By Saqib Iqbal Ahmed
NEW YORK (Reuters) - The November U.S. presidential election is being sold by the major parties as a defining moment for the next generation of Americans. But stock and options traders, often moved to action by political headlines, are responding with a big 'meh.'
Options bets on volatility around the Nov. 8 election are running lower than could be expected given how stocks have performed in past election cycles, BNP Paribas said.
Typically, stock market volatility picks up around presidential elections. Traders use options to guard against outsized market reaction to such events.
The CBOE Volatility Index, the most widely followed gauge of near-term investor anxiety, had some big spikes this year, hitting a four-month high after the Brexit vote. But there is little to suggest that November is a big worry for stocks.
Investors are focused on the quarterly earnings season starting next week. They might also be taking the view that both the Republican and Democratic prospective nominees would be more favorable for business than the current administration, analysts said.
"It's like the opposite of 'Alien vs. Predator,'" said Mark Sebastian, chief investment officer at volatility arbitrage hedge fund Karman Line Capital in Chicago, referring to the 2004 American science fiction film which had the tagline 'whoever wins, we lose.'
"Here, no matter who wins, Wall Street does better," he said.
Despite being called anti-business by some on Wall Street, the Obama administration has been in power over one of the best presidential cycles for stocks on record.
WHERE IS THE FEAR?
Per BNP Paribas data, S&P 500 Index options forward implied volatility, which measures volatility expectations embedded in options, shows no dislocation over the remaining election campaign period.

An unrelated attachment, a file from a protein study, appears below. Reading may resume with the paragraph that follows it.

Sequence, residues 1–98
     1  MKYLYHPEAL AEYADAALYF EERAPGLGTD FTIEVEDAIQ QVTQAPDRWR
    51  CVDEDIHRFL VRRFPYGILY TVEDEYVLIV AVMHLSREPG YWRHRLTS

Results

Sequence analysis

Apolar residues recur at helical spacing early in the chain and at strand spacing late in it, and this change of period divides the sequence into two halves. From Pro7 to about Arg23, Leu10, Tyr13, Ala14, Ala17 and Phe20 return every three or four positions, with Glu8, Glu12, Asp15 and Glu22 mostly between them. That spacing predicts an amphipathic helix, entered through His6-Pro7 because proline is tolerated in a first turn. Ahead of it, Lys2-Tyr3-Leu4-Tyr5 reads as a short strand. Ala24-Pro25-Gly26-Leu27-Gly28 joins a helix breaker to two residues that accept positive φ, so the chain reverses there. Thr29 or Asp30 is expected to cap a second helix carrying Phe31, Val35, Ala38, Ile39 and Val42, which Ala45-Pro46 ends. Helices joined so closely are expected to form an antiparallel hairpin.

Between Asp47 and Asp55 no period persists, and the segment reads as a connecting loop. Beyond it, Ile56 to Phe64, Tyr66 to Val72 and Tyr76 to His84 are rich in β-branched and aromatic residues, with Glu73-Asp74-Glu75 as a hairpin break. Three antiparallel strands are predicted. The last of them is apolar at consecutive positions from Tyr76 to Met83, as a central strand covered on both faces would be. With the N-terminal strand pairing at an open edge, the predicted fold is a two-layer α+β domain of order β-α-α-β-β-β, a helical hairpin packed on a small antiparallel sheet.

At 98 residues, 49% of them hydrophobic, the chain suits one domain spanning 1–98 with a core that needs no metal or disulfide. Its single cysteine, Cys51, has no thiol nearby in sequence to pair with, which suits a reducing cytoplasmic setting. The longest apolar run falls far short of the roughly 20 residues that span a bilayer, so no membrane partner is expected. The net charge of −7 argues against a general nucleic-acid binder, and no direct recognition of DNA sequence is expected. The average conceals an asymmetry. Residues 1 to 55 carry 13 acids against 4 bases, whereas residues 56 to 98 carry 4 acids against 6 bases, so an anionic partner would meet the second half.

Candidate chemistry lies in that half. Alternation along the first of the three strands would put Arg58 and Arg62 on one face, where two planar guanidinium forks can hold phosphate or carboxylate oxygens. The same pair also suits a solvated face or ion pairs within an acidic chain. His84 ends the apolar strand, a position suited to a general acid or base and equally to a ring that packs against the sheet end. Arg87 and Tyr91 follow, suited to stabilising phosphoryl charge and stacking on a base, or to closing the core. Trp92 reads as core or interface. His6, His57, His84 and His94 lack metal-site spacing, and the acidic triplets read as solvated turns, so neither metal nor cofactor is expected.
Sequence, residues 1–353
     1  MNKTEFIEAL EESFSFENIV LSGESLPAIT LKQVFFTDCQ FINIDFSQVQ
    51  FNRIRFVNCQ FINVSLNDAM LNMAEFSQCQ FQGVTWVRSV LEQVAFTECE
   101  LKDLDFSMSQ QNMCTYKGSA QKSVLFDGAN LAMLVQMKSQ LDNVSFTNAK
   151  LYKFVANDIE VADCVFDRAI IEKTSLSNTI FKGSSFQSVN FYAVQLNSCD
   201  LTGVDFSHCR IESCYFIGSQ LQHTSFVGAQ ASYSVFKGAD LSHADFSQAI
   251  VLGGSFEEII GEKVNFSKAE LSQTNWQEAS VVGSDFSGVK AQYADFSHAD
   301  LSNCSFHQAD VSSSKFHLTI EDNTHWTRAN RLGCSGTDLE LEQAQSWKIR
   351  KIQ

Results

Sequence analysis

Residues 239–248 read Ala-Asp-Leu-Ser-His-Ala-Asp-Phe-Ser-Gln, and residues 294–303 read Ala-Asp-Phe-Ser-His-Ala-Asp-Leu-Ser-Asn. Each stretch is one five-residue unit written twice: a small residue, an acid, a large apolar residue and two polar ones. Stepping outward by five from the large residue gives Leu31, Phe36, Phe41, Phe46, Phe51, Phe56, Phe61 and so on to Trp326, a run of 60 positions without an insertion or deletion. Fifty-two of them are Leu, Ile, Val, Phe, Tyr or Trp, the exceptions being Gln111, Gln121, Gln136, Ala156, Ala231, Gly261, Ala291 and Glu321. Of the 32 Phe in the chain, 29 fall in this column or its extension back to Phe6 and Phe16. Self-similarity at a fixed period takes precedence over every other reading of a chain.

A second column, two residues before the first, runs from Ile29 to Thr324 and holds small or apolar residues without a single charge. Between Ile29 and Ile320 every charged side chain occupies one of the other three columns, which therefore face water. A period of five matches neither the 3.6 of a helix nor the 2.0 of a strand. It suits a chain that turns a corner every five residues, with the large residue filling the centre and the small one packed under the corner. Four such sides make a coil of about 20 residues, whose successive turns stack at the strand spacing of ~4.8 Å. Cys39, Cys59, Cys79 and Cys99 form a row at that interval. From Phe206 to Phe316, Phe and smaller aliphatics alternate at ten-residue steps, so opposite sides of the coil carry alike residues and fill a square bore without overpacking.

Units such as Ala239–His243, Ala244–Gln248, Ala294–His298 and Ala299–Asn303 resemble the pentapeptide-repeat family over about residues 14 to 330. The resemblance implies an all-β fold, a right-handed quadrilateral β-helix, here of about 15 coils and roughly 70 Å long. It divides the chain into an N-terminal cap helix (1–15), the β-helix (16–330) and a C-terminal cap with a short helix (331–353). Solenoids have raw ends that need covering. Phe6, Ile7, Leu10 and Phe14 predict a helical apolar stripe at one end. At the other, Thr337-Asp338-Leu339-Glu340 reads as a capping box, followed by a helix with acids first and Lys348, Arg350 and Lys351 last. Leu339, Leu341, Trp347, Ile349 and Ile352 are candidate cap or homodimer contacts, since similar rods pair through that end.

Had there been a big bump-up in this measure for November it would have been a sign that traders were loading up on protective contracts.
"The market is not ascribing a large probability to a high volatility scenario over the election period," said Stewart Warther, an equity derivatives strategist at BNP Paribas.
Market-makers, or dealers which quote prices for options, are also not expressing a great deal of anxiety over stock gyrations.
If stock volatility does not pick up in November, that would be a departure from the norm, according a BNP Paribas analysis of data going back to 1948.
"The shape of the (volatility) curve definitely is upward sloping but it's not like there is a huge hump out in November," said Steve Sosnick, an equity risk manager at Timber Hill, the market-making unit of Interactive Brokers Group Inc.
"We have seen some demand for options but I would say it's hardly a frenzy."
(Reporting by Saqib Iqbal Ahmed; editing by Rodrigo Campos and Richard Chang)